it could create a situation in which many competing forks of similar length coexist, making
it impossible to identify a single fork as the main chain.
To address this concern, Peercoin built a feature into its client called the duplicate stake
detection mechanism that detects and rejects blocks mined with duplicate stakes, which
works as follows:
When a node receives a block, it checks to ensure that the proof used to create the
block has not also been used to create another block previously received by the node (a
duplicate stake). If the node detects the duplicate use of a stake, it simply discards
the second block received28 .
27

The downside of this defense is that new nodes would have to rely on trusted nodes from whom they
download the block chain. The NeuCoin Code Foundation, which is controlled by NeuCoin holders, would at
least be an excellent entity to fulfill this role.
28
Note that the reason nodes are able to detect users mining on two chains is because the proofs used to
mine on both chains are the same. This is a consequence of the design of the kernel which doesnt include the
hash of the previous block or the root of the Merkle tree.

24

All nodes that use the unmodified client act this way. Therefore, a block created with
a duplicate stake will not propagate through the network.
Proof-of-stake critics make the point that since this mechanism is implemented only at
the client level, nothing stops greedy nodes from running modified clients that would allow
mining with duplicate stakes on all possible forks. Even though honest nodes would reject
their blocks built with duplicate stakes, if other greedy nodes also modified their clients, the
greedy nodes could collude by accepting each others blocks built with duplicate stakes.
NeuCoin does not consider this scenario at all realistic. The potential gains from acting
dishonestly are too miniscule, and the only way the miniscule gains are earned is when this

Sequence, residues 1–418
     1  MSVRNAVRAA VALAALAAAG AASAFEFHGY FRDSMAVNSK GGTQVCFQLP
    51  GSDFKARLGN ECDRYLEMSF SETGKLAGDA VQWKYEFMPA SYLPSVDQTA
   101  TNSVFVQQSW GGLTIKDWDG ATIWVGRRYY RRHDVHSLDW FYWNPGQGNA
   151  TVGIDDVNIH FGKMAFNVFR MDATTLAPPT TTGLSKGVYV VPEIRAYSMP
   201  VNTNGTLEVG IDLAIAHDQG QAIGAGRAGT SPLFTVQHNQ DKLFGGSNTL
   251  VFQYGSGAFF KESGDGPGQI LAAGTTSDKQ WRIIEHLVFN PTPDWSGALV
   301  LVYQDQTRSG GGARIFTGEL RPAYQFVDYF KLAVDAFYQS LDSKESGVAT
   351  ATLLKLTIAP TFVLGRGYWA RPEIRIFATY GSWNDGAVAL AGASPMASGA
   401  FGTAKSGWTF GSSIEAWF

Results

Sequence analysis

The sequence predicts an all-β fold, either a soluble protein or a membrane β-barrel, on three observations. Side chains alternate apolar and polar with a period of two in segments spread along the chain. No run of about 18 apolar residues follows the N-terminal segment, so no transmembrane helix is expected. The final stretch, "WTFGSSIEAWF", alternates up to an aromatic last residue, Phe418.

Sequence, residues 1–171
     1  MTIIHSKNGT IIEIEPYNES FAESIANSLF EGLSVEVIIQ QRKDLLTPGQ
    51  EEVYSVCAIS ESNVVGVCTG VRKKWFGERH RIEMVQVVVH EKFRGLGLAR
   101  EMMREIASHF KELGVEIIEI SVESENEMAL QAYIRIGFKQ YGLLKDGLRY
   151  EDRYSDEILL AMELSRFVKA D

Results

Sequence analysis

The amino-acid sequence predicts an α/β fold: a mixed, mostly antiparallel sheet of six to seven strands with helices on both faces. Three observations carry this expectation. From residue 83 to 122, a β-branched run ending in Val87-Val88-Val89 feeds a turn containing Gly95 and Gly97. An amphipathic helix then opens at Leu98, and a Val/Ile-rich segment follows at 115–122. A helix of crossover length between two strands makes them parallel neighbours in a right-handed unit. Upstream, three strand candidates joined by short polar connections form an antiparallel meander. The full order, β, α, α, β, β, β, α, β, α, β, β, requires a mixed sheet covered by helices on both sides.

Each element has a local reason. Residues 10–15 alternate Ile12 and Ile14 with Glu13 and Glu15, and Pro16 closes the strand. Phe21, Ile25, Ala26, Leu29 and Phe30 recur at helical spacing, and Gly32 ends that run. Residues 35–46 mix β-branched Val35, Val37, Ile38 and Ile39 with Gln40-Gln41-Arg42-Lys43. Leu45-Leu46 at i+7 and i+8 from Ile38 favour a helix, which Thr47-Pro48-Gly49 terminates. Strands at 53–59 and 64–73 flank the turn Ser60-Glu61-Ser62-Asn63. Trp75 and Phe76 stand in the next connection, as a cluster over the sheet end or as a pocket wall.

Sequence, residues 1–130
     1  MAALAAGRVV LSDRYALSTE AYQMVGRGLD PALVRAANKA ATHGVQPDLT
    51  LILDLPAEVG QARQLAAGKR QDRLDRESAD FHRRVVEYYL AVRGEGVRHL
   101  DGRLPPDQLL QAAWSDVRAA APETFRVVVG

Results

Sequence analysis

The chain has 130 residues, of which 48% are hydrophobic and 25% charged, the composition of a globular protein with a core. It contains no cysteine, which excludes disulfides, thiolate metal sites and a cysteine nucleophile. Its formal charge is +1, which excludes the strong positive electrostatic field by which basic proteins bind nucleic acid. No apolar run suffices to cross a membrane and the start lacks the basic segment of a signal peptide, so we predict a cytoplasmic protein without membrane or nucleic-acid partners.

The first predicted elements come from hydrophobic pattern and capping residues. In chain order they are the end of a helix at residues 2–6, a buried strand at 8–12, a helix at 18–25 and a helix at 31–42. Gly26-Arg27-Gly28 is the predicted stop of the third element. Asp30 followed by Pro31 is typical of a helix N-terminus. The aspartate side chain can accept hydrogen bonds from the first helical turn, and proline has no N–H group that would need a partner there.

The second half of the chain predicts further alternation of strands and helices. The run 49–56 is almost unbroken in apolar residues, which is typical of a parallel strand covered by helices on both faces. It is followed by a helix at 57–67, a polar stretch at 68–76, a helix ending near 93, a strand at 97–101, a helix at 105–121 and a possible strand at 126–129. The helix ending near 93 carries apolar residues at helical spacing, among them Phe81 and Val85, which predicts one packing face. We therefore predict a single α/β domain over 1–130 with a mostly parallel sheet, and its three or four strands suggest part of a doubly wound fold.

antisocial behavior becomes widespread, which would seriously diminish the value of the
currency.29
Nevertheless, NeuCoin solves this theoretical problem completely by using a client that
penalizes nodes that attempt to mine using duplicate stakes. Michael Witrant (aka sigmike), core developer of Peercoin and Technical Advisor to NeuCoin, has adapted Peercoins
duplicate stake detection mechanism and turned it into a punitive duplicate stake detection
mechanism. Quite simply, when a node receives a block generated with a duplicate proof-ofstake, it discards not only the second block but also the first one received using the duplicate
stake. Therefore, whenever a miner tries mining on multiple chains, all of his blocks get
rejected by honest nodes. In this system, dishonestly mining on multiple chains yields no
possibility of greater rewards (rather the guarantee of lower rewards).

3.3

How NeuCoins design prevents attacks on transaction history

The proof-of-work community has dismissed proof-of-stake because its miners dont have
operating costs, so they have nothing at stake. Given this root issue, proof-of-stake critics
have described four ways that attackers could alter transaction history: simple double spends,
history revisions, grinding attacks and preprogrammed attacks. Each of these attack vectors
are summarized briefly below. Following the summaries, the remainder of the paper will probe
each of these attack vectors in detail: explaining how they work against proof-of-stake designs
in general, describing how NeuCoins own design stands up to them, and demonstrating their
odds of success with mathematical models.
The various ways that miners could try to modify transaction history in proof-of-stake
can be broken down into four categories:
1. Simple double spend
The widely and casually held view in the proof-of-work community - that it is costless
to attacking a proof-of-stake currency, so attackers will keep trying until they succeed would suggest that proof-of-stake designs are vulnerable to simple double spend attacks.
29
Given that proof-of-stake rewards are variable (akin to an interest rate), the only possible gain from mining
on a secondary chain would be the compound interest earned on one coinstake reward to the next that had
been lost due to a block getting orphaned. This de minimus return would only be earned in the unlikely event
that a block mined on a duplicate stake were propagated to another dishonest miner who created a legitimate
block on top of the illegitimate one. Critics should consider the behavior of Bitcoin miners, who could increase
their chances of creating blocks that do not get orphaned by not including any transactions at all in their
blocks. A 1mb block has a 13% higher chance of getting orphaned than an empty one due to network lag
issues[2]. To compensate, the blocks transaction fees should equal at least 25 13% 3.2BT C. In reality,